As part of his work process, Karl uses antique 19th century tools. These include a range of pre-Civil War tinner's stakes used for shaping the metal, mid-19th century swedges, along with pre-1870 tinner's hand-crank machines he himself has restored. The only electric tool he uses is a soldering iron. His primary medium is authentic, hot-dipped tinplate, the kind 19th century tinsmiths would have used exclusively until the 1890s.
In addition to making tin pieces, Karl also offers 19th century tinsmithing demonstrations. A popular ‘living historian’, Karl’s summer calendar is typically filled with regional living history events, the organizers of which contract with him to interact with the public and demonstrate the art and craft of tinsmithing.
Karl’s tin work has been purchased by many private individuals across the United States, and he has done commissioned work for a variety of people and organizations, including an art museum, a historical society, and two historic sites. See his 'Events' page for more details and this year's schedule.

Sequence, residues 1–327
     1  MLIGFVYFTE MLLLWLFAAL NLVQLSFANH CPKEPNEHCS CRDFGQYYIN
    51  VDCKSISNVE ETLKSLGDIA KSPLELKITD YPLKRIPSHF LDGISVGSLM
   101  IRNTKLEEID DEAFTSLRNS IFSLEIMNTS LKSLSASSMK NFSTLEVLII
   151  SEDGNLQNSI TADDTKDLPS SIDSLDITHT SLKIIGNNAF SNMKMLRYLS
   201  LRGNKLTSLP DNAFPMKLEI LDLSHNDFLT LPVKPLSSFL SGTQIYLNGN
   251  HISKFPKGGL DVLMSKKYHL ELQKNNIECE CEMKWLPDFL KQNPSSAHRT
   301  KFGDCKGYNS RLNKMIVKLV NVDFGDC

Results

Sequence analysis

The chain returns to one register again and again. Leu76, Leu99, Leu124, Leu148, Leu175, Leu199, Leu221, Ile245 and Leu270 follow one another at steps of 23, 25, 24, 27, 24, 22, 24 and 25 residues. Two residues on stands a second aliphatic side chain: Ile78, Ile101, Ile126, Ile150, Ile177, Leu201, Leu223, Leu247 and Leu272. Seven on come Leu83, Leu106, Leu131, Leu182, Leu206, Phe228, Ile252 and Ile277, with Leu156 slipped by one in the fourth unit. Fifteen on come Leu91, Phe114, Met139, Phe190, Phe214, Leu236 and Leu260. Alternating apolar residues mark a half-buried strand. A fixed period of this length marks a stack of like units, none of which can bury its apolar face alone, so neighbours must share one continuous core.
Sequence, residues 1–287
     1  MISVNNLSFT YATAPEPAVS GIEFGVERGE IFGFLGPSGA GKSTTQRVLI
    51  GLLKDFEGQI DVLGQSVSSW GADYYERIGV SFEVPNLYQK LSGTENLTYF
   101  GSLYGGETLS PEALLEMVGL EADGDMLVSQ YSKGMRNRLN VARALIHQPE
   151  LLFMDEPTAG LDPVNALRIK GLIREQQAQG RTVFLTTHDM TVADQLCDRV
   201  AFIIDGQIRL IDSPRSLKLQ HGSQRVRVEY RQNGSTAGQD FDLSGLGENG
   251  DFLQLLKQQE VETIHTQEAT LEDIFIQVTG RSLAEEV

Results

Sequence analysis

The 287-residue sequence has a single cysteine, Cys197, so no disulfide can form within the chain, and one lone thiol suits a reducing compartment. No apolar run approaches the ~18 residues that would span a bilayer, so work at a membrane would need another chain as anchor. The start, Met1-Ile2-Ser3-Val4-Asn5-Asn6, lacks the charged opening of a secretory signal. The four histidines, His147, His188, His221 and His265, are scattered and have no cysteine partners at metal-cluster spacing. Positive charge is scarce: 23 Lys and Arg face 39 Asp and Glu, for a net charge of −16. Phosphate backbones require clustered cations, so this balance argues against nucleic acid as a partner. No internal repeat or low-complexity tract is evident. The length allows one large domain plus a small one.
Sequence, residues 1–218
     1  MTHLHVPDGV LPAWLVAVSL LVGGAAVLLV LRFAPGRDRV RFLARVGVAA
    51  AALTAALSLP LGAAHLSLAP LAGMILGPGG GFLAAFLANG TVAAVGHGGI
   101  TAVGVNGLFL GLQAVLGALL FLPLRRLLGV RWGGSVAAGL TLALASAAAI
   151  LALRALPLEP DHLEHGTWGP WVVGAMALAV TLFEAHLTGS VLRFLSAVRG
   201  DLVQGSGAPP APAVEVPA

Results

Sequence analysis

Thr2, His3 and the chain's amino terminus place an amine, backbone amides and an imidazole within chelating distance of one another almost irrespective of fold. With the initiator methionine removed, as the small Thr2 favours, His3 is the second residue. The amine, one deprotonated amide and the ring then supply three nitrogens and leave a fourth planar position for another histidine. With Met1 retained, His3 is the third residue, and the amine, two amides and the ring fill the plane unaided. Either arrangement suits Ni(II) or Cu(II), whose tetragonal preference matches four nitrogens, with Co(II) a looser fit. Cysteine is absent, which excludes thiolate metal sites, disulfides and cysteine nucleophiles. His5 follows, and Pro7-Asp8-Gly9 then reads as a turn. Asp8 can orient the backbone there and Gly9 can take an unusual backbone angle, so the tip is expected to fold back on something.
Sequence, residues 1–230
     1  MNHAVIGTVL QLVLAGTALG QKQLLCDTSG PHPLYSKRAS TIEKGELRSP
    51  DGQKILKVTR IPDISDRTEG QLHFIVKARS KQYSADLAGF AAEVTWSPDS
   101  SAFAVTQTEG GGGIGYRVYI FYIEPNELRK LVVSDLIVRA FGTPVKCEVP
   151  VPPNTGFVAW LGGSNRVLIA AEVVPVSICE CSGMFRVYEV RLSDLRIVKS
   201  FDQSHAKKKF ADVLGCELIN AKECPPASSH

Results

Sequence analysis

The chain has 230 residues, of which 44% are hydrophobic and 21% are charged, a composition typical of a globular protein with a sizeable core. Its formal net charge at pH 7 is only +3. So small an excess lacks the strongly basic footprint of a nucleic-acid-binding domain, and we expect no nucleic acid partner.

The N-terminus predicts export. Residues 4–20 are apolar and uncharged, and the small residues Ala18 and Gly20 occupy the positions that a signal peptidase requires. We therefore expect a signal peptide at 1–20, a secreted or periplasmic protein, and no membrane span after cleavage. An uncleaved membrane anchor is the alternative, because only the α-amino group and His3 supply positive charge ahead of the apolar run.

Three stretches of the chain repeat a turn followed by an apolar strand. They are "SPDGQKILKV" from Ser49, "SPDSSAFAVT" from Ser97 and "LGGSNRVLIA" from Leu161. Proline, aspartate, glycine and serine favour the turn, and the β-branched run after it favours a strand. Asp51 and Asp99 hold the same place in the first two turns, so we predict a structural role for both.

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Originally a college history professor with a specialty in the history of Asia, Karl J. Schmidt (b. 1963) trained more recently as a historical tinsmith with Loren Miller at the Stuhr Museum of the Prairie Pioneer in Grand Island, Nebraska in 2014, and with master tinsmith William McMillen at Historic Eastfield Village in rural East Nassau, New York in 2015. He took an Advanced Tinsmithing workshop at Historic Eastfield Village in August 2018. Over the past four years, Karl has been ‘self-apprenticing’ as a tinsmith, building on the training he received from his two tinsmithing mentors, honing techniques, and experimenting with different projects.
Karl makes 19th century reproduction tinware based on original pieces and patterns. In addition, he enjoys making new creations, mostly decorative, which are popular items with the public. These include Christmas ornaments of various kinds, tree tinsel, and tree toppers.